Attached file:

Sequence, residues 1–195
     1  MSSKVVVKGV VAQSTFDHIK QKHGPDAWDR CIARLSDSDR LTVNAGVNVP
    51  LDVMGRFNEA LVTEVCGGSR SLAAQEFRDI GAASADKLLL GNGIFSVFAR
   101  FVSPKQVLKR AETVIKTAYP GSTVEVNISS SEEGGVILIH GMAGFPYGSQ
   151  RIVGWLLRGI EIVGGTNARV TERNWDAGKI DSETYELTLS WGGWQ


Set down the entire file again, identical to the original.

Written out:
Sequence, residues 1–195
     1  MSSKVVVKGV VAQSTFDHIK QKHGPDAWDR CIARLSDSDR LTVNAGVNVP
    51  LDVMGRFNEA LVTEVCGGSR SLAAQEFRDI GAASADKLLL GNGIFSVFAR
   101  FVSPKQVLKR AETVIKTAYP GSTVEVNISS SEEGGVILIH GMAGFPYGSQ
   151  RIVGWLLRGI EIVGGTNARV TERNWDAGKI DSETYELTLS WGGWQ